Assuming that two preceding dictionaries are in place, we can now describe the mapping algorithm. What follows is a brief outline because of space limitations but further details are available upon request. The first step involves pre-processing, chunking, and filtering the affiliation string, hoping that one or more of the chunks contain exact place names. A few of the highlights include converting all UTF-8 and HTML to ASCII, converting affiliations with all capital letters to first cap words, expanding some pairs of parentheses, introducing commas in strategic places into affiliations with no punctuation, collapsing chunks across commas when the resulting chunk leads to a valid place name, removing text that looks like a long narrative, extracting hand-coded patterns of country-specific zip codes, email addresses, URLs, phone numbers, and street addresses. Once the pre-processing is finished, chunks of words that appear between commas are scanned for exact place names and placed on a high priority candidate list. A separate candidate list of lower priority is made up of place names that are a partial match within the chunks. These two candidate lists are then aligned with the countries and US states inferred from the word n-gram dictionary, zip code pattern, and email address in order to resolve part-of relations and prioritize the candidates. Candidates that appear further to the right in the affiliation are given higher weight, unless they are country names, as are the candidates on the exact match list compared to the partial match list. The final component of the overall algorithm is a short list of manually hard-coded rules that override some of the assignments made by this automatic process. These include cases of extreme ambiguity and ambiguities that are hard to resolve otherwise such as "University, MS, USA", and "Ibaraki Prefecture, Japan" vs. "Ibaraki, Osaka, Japan", and avoid mapping "Harvard University" or "Harvard Medical School" to "Harvard, MA, USA" unless it explicitly says so. Figure 1 provides a short list of non-trivial examples and their final successful assignments. Figure 2 shows the web-interface in use. Note the information sparsity in earlier records compared to more recent ones.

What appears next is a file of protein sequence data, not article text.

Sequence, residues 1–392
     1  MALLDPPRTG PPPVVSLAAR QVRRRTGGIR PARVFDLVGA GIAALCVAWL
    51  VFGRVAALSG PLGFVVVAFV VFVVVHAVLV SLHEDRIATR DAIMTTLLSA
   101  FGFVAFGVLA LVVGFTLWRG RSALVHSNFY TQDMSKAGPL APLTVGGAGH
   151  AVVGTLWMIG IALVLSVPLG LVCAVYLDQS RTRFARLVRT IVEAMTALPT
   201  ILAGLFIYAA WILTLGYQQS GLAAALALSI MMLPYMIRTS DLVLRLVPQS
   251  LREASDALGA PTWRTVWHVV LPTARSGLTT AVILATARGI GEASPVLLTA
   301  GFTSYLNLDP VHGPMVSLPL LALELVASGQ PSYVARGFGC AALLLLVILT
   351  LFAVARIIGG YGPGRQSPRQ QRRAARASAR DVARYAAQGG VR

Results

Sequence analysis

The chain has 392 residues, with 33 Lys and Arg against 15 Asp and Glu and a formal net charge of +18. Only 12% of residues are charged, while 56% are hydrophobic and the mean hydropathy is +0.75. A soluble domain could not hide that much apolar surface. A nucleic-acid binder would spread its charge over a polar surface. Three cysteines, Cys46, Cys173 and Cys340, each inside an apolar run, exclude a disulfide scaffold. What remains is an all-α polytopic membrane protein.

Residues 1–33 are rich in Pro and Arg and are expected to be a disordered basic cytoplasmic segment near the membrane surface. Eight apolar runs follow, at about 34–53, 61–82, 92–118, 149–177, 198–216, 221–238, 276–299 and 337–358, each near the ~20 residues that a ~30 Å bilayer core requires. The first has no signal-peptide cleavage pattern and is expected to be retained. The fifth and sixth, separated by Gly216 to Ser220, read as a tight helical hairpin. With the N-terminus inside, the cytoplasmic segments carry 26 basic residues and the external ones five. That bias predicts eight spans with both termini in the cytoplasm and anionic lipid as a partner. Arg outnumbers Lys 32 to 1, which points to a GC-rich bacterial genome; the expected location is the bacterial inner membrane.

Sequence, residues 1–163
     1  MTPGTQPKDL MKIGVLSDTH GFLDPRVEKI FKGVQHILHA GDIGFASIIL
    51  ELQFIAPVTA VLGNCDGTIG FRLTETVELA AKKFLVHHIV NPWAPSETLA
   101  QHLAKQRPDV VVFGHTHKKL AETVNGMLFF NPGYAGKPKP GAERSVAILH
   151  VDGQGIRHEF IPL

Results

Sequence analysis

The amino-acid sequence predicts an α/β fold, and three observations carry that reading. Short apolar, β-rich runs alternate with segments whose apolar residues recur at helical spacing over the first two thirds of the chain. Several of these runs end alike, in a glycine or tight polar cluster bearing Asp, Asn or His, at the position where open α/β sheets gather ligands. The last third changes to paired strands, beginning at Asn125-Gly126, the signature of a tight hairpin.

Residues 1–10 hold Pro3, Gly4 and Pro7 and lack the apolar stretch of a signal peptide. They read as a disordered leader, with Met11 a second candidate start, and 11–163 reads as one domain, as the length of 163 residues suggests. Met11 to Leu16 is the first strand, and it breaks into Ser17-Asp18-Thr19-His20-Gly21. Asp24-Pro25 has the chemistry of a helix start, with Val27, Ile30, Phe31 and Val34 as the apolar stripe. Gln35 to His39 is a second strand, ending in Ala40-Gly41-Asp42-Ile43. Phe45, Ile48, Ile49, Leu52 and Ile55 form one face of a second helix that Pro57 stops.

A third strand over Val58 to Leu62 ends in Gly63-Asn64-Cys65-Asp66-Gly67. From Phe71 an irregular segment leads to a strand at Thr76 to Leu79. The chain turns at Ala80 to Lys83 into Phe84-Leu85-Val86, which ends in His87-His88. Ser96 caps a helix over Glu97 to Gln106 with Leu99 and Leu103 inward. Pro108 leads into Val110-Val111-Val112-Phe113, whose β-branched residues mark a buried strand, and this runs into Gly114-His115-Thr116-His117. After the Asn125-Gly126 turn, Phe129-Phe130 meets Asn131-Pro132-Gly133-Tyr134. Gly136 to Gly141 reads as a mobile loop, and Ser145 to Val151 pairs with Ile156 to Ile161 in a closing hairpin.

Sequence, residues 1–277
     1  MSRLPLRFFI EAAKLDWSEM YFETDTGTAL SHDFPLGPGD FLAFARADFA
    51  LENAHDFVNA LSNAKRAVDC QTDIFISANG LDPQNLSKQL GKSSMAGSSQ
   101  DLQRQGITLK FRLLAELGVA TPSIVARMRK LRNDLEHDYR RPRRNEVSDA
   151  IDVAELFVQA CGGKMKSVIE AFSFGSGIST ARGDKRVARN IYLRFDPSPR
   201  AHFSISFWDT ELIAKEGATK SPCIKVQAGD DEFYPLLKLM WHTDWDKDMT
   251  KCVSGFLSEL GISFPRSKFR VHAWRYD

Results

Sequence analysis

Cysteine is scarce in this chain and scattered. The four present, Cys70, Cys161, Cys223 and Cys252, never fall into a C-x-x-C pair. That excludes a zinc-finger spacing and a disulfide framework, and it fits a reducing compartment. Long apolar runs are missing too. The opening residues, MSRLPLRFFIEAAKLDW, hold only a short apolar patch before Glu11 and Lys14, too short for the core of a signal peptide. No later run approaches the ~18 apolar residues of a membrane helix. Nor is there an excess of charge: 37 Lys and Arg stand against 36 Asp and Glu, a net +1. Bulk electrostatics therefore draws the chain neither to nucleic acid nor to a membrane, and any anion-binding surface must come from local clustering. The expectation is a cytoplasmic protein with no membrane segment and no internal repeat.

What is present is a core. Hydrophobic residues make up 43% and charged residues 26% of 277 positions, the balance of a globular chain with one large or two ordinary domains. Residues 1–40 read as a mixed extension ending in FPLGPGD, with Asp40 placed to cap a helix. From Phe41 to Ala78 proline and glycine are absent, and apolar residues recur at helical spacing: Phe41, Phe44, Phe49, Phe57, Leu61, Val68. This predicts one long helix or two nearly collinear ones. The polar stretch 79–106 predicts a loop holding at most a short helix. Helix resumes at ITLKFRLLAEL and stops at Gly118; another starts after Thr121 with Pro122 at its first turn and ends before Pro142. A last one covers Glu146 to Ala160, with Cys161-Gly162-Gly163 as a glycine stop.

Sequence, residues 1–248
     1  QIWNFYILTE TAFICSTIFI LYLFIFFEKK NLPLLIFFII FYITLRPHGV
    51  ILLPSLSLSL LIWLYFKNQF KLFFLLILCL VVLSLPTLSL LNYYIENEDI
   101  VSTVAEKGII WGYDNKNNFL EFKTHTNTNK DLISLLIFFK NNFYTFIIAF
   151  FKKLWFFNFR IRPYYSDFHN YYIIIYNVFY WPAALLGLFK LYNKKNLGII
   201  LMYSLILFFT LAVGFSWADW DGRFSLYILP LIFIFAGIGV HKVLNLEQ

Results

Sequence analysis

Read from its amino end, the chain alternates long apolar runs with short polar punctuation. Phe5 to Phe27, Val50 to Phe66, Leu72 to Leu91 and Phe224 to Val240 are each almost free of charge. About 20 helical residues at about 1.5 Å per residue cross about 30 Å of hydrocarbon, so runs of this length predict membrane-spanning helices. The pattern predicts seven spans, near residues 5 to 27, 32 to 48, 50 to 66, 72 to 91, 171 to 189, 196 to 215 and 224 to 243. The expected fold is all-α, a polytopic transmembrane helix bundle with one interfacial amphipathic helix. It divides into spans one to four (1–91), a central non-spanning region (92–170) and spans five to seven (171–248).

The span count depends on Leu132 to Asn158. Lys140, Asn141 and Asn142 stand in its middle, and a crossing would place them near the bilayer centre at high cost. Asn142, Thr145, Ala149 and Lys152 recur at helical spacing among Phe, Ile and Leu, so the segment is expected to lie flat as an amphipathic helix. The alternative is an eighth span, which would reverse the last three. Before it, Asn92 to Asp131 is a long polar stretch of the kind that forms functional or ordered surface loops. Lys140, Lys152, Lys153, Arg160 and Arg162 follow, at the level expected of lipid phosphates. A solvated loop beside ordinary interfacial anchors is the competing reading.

Figure 1: A list of non-trivial affiliation strings with MapAffil output shown in red.


Figure 2: Screenshots of the MapAffil web-interface to PubMed records using publication year as input (top figure shows 1942; bottom figure shows 2010). All fields are searchable — the affiliation field has been text-indexed using Sphinx for MySQL. Records include links to PubMed (via PMID), Google Maps (via geocodes for cities), and a summary of the 2010 US Census data (via FIPS code of the county that includes the geocode). Columns are included for institution type and note whether ambiguity was unresolved or not.


3 Results

The algorithm was implemented using Perl because of extensive use of regular expressions. The implementation has not been optimized for speed but was fast enough to process 12.7 million affiliations in less than a week using a 32-core server. Table 1 shows a summary of the countries found in the collection of PubMed papers processed. Note that the bulk of the records start in 1988 (when the NLM started indexing affiliations in MEDLINE) but go back as far is 1867 partly because PubMedCentral is included in PubMed. The USA is by far the most frequent overall but is not as dominant in recent years.

Table 1: Worldwide distribution of 12.7M PubMed papers.